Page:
Ground Cover Supplement : GC Supplement - Farm business management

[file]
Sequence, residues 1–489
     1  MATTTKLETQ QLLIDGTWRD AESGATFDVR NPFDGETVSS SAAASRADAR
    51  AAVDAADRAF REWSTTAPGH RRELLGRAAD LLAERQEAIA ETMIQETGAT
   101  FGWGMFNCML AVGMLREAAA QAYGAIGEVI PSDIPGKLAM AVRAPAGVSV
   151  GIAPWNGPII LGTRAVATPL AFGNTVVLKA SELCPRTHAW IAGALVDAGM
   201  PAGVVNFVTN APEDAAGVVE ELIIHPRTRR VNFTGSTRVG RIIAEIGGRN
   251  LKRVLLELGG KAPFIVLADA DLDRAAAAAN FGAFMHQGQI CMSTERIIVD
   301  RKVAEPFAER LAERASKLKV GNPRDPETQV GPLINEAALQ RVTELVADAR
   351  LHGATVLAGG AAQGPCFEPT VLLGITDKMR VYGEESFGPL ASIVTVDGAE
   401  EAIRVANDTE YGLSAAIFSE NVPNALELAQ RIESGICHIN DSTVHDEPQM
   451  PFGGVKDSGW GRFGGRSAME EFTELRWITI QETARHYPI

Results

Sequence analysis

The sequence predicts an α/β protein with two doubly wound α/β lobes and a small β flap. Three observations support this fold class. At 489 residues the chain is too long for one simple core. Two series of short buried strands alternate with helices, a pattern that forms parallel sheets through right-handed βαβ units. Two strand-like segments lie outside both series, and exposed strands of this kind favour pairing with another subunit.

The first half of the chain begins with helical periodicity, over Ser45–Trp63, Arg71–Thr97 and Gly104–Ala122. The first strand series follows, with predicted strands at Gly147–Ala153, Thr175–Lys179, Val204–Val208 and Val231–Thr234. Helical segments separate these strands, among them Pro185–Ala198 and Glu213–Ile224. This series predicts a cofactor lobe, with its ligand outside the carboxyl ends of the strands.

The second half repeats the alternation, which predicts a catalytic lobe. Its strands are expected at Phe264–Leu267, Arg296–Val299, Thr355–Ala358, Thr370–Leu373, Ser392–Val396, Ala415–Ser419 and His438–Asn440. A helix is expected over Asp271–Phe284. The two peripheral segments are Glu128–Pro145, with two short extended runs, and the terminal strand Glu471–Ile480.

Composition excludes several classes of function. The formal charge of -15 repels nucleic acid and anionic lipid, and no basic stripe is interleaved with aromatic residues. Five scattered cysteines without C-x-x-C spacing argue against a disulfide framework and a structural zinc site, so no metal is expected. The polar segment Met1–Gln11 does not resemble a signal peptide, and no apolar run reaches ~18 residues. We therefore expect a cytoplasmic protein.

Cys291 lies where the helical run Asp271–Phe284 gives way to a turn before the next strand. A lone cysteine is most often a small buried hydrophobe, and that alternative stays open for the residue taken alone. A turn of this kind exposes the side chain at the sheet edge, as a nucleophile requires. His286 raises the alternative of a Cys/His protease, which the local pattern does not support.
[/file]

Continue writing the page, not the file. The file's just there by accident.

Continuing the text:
GROUND COVER FARM BUSINESS MANAGEMENT 18 MANAGEMENT TOOLS 'HOW CAN I HELP members of our farming family to communicate more effectively?' This question is regularly encountered by consultants and professionals who work with farming businesses. While some of us are chattier than others, generally we all talk. However, communicating is more than talking; it is also about listening and hearing, and letting others have their say. Indeed, only about 12 per cent of our communication is verbal. About 88 per cent of our message is conveyed to the receiver in non-verbal communication such as tone and volume, body gestures, facial expression and body posture. Interestingly, most people respond to what they are seeing and hearing, not to the actual words used. Effective communication is a skill to be learnt and continually practised. The new publication, A Guide to Communication for Farm Families, details all the skills and provides case studies to illustrate how -- and how not to -- communicate. The publication was released in January 2011. Many factors influence how we communicate. These include family history, an individual's personal communication style and their self-esteem. As highlighted in A Guide to Succession: Sustaining Families and Farms (2007), there are also large differences between the generations, including how they prefer to communicate (Table 1). A Guide to Communication for Farm Families follows a similar structure to the highly successful A Guide to Succession. The first part of the guide provides the insights of professionals, such as a relationship counsellor, a family therapist, a lawyer and generational consultant, on communication in relation to their experience and area of expertise. The second part of the book is dedicated to relevant communication theories. An understanding of aspects of communication, such as the previous example of verbal and non-verbal communication, as well as how to deal with conflict, all help to improve our communication skills. The third section of the book is dedicated to The six factors identified as influencing disposable farm income per family are: n production system; n farm input costs; n farm size; n debt servicing; n machinery costs and depreciation; and n non-farm income. The new tool will enable growers to calculate these figures for their business and compare them to benchmarks. However, in order to be relevant, all these benchmarks need to be based on current and regionalised data. By using the latest database and web-interface technology, the farm business profitability tool will help provide real-time information. Data used within the database will be independently verified and sources will remain confidential. Such a system will enable growers to interrogate 'what if' scenarios in real-time. For example, a grower could ask: 'If I borrow $200,000 to invest in new plant and equipment, how will this change my ability to service debt?' The tool will consist of a desktop and a web- based component, which will enable growers to play with their numbers without having to be connected to the Farm Prophet database. Discussion around financial decisions may involve accountants or other business professionals. The new financial tool will enable growers to work with professionals across the country to evaluate, in real-time, the impact of potential decisions. While the tool is still in development it is hoped that it will provide a platform for a range of financial business tools. These could help growers manage their cash flow and peak debt requirements. By using the tool it is expected that growers will be better able to quantify the financial implications of proposed management decisions. Regular use would help enhance their knowledge and understanding of the links between profit and the farm variables contributing to profit. The tool will be relevant to growers in all regions and as a web-based application it will be easy to access. It is also considered a valuable tool for farming groups to use to monitor their financial position. The tool is planned to be ready for use by mid-2012. □ GRDC Research Code FPR00001 More information: Phil O'Callaghan, Farm Prophet, 03 5441 6176, firstname.lastname@example.org; www.grdc.com.au/FPR00001 MANY FACTORS INFLUENCE HOW WE COMMUNICATE, INCLUDING FAMILY HISTORY AND THE PERSONAL COMMUNICATION STYLE OF INDIVIDUALS. Let's talk If communication was that easy we would all do it well -- a new guide can help everyone improve By Judy Wilkinson and Lyn Sykes FINANCIAL BENCHMARKS PROVIDE A POWERFUL TOOL FOR STRATEGIC DECISION-MAKING.
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